That's more like it!


Of course, one of the perks of Ichiran is the customization. I always say that this is so when you get your lackluster bowl, the blame is on you, the customer, for choosing the wrong combination. In the past, I had gone for normal levels. I've since learned. Once again, though, not the greatest bowl in Japan.

From top to bottom - amount of tare seasoning, thickness of the soup, amount of garlic, type of negi onion, pork yes or no, amount of spice, and firmness of the noodles. They probably have an English version.


As always, sit down in your private cubicle.


And await your bowl.


My mistake this time was choosing こい味, a strong amount of tare seasoning liquid. The tare here is the biggest problem. So sweet! The choice of double spice neutralized this a bit.


Still crushed it though.


Official Site Here

Fukuoka-ken, Fukuoka-shi, Chuo-ku, Daimyo 2-1-57
Closest station: Tenjin

Open 10:00am-7:00am
No holidays.

Monday, January 5, 2015

香福 (Kofuku in Kitakata, Fukushima)



Another new shop in Kitakata, Kofuku's most popular bowl features the Bannai look; noodles hidden by a layer of tender chashu.


Great pork! Everything else in this bowl, though, fell flat for me. Maybe it was because this was bowl number five or six, a number far beyond my threshold for enjoyment.


But Abram was in TV mode, so the slurping had to continue.


Beautiful bowl.


And a very local-feeling shop.


And for some reason, The Usual Suspects and Reservoir Dogs being displayed like art on the wall.


If you have time after your bowl, head across the street to Kitakata's own ramen shrine.


Where you can pray for a lifetime of delicious bowls.




Fukushima-ken, Kitakata-shi, Sanchome 4840-1
Closest station: Kitakata

Open 7:30-16:00
Closed Wednesdays

Thursday, January 1, 2015

The Top 5 Bowls of Ramen I Want to Eat

Happy 2015 from Tokyo. It has been another great year of ramen slurping and spreading the ramen love worldwide. Ramen Adventures has been in the media quite a bit, and locally my food tours and ramen school have been doing great as well. There are a few things in the works that I will hopefully get to shortly.

Of course, we are spoiled here in Japan with ramen. And we are spoiled rotten in Tokyo, with quality shops popping up weekly. But what about overseas?  I try to follow ramen trends in America as best I can, and these are the top 5 shops that I want to slurp.

I should note that these are all bowls I have yet to try. I will never make a best-of list for American shops. (Unless some TV show wants to send me on a 20 city tour)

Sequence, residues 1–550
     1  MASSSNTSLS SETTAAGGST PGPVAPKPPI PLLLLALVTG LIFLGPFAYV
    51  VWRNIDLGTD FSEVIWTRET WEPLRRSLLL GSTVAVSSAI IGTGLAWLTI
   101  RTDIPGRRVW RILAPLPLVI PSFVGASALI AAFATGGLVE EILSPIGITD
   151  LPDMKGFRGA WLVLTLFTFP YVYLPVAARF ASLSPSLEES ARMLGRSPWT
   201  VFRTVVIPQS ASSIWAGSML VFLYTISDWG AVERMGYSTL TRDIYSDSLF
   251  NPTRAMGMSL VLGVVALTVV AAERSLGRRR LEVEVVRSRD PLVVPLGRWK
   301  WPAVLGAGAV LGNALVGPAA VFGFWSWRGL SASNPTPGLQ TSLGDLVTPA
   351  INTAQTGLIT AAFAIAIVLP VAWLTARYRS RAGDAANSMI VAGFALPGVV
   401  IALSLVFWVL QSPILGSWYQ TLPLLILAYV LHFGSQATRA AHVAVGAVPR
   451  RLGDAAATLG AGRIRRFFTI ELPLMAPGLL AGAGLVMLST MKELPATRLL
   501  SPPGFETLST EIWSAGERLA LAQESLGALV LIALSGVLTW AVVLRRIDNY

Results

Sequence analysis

1. - New York

Everyone with an interest in food (in America at least) has heard of the ramen burger. And everyone has an opinion. I had a very early incarnation here in Tokyo, but am dying to try the one that took New York by storm. I'm also intrigued by the burger ramen, a soupless mazemen with burger meat.


2. Ivan Ramen - New York

Ivan's NY shop takes a page from Momofuku's success and offers a massive spread of izakaya inspired plates. I've never had anything besides noodles from the guy, so I'm curious if he can actually cook (all well respected reviewers say he can).


3. High Five Ramen - Chicago

When the crew behind many of Chicago's trendiest restaurants hit me up for a food tour a few years back, I racked my brain on where to take them. What shops would be a good representation of Japanese ramen? Turns out my favorite spicy miso shop, Kikanbo, was their favorite as well. So much so that they serve a Kikanbo-inspired bowl (called Kanabo) as their main dish.

4. Otaku South - Nashville

Sarah Gavigan is awesome. She knows that American pork rivals that of anywhere else in the world. That was the basis of her ramen pop-up; start with fantastic pork and go from there. Nashville is a pretty unexpected place for a successful bowl of ramen, but apparently it is happening.


5. Umami - Tempe

A good friend's favorite shop after returning home from Japan. I've spoken with the shop master, and they seem passionate about bringing ramen to the deserts of Arizona. I'm sold!


All photos stolen from the shop's homepages.